There is something inherently subversive about Tony Matelli’s bronze sculptures of leafy green weeds, which sprout from the cracks and corners of former Cliff House. Playful and unsettling, these works mine the tension between reality and artifice, elevating the prosaic and unwanted, warts and all—twigs are bent, leaves are blemished and discolored—while asking us to question how we assign value. An overgrowth of weeds can indicate neglect, abandonment; as unwanted intruders in our paved sidewalks, monoculture farmlands, and manicured gardens, they bring natural disorder to the orderliness of human life. In a tightly controlled exhibition space, the sight of these unruly botanical protrusions undermines our expectations entirely. These humble plants also symbolize, across cultures, resilience in the unlikeliest of circumstances. In the context of Lands End, Matelli’s sculptures suggest nature’s reclaiming of manmade space, offering hope that, despite our best efforts in undermining its survival, nature finds ways to flourish.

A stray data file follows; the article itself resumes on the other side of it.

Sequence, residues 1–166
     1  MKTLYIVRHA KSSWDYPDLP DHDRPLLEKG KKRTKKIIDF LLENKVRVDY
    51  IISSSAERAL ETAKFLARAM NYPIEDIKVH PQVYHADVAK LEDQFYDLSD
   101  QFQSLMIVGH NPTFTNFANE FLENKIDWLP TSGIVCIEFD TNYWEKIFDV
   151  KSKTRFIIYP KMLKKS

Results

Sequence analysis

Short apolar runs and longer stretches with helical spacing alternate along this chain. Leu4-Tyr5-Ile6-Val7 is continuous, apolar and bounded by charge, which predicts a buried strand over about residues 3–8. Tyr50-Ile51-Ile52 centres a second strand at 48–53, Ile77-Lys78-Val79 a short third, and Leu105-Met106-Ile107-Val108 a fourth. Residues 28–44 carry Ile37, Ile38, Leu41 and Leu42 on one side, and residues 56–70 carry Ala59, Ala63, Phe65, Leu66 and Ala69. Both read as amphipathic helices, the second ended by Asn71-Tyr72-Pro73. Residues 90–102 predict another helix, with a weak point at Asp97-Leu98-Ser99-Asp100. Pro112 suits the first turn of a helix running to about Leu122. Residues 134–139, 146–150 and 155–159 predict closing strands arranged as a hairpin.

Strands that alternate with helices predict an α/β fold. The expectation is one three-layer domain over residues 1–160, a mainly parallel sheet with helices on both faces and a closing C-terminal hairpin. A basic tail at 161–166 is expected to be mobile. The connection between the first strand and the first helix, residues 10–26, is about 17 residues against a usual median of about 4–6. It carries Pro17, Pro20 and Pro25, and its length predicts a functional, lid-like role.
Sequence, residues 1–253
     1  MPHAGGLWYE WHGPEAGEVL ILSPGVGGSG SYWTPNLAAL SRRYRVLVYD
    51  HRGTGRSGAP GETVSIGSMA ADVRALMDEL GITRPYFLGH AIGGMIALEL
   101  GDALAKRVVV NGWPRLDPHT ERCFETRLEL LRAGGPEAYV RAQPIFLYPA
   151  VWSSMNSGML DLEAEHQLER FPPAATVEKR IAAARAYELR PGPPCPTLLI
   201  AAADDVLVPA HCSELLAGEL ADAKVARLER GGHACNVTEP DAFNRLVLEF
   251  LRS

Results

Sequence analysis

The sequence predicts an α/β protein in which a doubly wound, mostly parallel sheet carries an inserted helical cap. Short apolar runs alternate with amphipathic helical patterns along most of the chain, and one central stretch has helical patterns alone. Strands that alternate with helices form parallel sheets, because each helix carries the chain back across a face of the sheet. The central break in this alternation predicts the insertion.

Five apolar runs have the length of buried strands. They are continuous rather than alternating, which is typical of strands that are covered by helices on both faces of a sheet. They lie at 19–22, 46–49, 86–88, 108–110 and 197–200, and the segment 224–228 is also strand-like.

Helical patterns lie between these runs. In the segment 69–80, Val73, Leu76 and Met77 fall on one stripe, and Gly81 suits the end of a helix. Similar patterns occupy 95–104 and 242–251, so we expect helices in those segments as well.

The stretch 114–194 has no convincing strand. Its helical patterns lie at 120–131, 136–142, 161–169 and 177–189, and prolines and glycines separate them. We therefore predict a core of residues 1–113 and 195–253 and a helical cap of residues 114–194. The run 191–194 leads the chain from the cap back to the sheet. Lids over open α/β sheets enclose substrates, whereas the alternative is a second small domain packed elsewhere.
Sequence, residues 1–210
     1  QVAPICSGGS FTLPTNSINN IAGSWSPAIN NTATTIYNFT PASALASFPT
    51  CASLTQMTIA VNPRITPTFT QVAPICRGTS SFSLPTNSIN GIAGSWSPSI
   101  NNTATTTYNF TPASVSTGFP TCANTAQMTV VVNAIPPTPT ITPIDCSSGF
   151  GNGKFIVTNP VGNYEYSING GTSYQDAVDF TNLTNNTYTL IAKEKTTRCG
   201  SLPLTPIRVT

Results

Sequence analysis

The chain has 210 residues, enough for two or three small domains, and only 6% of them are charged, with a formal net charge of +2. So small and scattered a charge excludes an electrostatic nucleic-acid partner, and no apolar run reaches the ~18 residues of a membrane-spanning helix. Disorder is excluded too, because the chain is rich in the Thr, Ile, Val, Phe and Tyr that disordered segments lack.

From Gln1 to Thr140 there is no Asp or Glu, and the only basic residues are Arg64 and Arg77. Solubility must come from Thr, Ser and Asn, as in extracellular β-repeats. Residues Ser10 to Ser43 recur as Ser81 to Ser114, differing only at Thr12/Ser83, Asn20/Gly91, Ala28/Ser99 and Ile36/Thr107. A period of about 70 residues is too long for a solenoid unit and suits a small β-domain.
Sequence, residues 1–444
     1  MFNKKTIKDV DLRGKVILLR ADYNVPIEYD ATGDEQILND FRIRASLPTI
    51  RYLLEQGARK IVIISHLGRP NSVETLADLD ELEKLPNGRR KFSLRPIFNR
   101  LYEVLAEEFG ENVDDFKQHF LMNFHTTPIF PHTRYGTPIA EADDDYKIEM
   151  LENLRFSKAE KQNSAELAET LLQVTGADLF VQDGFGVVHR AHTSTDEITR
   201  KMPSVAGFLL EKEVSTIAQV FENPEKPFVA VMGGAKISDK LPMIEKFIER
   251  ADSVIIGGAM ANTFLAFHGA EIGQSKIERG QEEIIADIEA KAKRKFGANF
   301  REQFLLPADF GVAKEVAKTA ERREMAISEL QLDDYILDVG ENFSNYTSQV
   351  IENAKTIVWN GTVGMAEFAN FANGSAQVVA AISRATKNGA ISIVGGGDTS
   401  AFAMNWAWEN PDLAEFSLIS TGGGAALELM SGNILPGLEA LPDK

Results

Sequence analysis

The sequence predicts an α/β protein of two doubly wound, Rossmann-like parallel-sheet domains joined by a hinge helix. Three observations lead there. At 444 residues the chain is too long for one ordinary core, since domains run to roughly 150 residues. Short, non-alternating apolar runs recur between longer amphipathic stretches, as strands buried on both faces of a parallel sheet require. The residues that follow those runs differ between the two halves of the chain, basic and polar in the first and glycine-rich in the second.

Weed #414, 2018; painted bronze; courtesy of the McEvoy Family Collection, San Francisco
Incorporating figurative, botanical, and abstract forms, Tony Matelli creates hyperreal objects that are both disconcerting and comical. His work has been exhibited around the world, is the subject of 13 publications, and has been collected by institutions including the MIT List Visual Arts Center, Musée d’art contemporain de Montréal, ARoS Aarhus Art Museum, and Mudam Luxembourg.